# Decomposition

In discrete geometry one frequently considers the decomposition of some space into closed domains which cover the entire space and whose pairwise intersections have no interior points (they may have common boundary points). For example, if one fixes any point lattice in the Euclidean space $\mathbf R^n$ and assigns to each point of the lattice those points of the space that are less distant from this point than from any other point of the lattice, then the so-called Dirichlet–Voronoi decomposition is obtained. A decomposition of a space $P$ is called regular if for any domains $D_1$ and $D_2$ in it there is a motion $M$ for which $D_2=M(D_1)$ and $P=M(P)$. See also Voronoi lattice types.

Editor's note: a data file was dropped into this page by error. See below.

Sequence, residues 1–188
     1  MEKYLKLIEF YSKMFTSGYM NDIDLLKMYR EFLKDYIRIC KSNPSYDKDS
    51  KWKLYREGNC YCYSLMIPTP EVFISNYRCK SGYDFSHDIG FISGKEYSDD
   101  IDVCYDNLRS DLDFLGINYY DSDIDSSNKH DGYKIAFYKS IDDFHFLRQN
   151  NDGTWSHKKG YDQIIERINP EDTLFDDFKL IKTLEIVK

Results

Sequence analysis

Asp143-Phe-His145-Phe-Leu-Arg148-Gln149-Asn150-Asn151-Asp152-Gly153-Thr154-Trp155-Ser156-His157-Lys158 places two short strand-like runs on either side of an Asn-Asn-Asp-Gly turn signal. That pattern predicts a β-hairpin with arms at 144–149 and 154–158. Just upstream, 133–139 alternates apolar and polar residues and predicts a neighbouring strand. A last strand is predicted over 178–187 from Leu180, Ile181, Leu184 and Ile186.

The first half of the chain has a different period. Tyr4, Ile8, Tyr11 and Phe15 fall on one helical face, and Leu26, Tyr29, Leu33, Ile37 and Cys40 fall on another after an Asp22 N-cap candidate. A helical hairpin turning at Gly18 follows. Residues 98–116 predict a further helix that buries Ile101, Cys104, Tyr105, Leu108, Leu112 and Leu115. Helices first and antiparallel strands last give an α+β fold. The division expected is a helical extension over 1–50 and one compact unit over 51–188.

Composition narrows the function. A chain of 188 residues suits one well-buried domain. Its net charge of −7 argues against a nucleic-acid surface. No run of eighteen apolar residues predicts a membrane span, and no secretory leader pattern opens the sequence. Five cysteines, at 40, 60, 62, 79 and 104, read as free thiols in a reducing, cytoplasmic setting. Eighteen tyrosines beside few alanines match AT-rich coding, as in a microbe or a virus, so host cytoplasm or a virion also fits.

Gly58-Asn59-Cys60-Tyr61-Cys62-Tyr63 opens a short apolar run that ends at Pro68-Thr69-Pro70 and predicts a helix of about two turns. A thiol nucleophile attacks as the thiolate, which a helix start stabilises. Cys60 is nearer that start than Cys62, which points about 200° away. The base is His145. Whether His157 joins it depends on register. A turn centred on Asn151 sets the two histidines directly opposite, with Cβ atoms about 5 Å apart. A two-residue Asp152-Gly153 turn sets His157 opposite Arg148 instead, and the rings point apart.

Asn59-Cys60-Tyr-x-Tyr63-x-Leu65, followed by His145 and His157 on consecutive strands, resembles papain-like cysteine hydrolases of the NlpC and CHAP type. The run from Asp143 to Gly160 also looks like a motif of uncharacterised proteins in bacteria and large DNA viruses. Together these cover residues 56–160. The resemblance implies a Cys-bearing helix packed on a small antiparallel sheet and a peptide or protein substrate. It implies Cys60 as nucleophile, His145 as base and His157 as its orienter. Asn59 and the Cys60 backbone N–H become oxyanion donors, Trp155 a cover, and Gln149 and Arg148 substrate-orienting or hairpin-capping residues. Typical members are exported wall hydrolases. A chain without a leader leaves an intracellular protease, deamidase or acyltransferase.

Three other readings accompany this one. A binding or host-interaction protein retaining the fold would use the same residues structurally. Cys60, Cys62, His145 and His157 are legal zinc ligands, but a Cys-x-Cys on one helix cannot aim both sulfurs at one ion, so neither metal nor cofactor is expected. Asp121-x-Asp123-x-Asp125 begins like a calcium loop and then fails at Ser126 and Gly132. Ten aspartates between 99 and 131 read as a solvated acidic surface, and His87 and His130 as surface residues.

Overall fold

In combinatorial geometry there are several problems and results relating to particular decompositions of certain sets. An example of such a problem is the Borsuk problem: Is it possible to divide any set of diameter $d$ in $\mathbf R^n$ into $n+1$ parts, each of them having diameter less than $d$? In $\mathbf R^n$ there are bounded sets for which a decomposition into a smaller number of such parts is impossible. Any decomposition determines a certain covering (cf. Covering (of a set)) and from any covering one can obtain a decomposition. Decompositions are closely connected with the illumination problem and the Hadwiger hypothesis.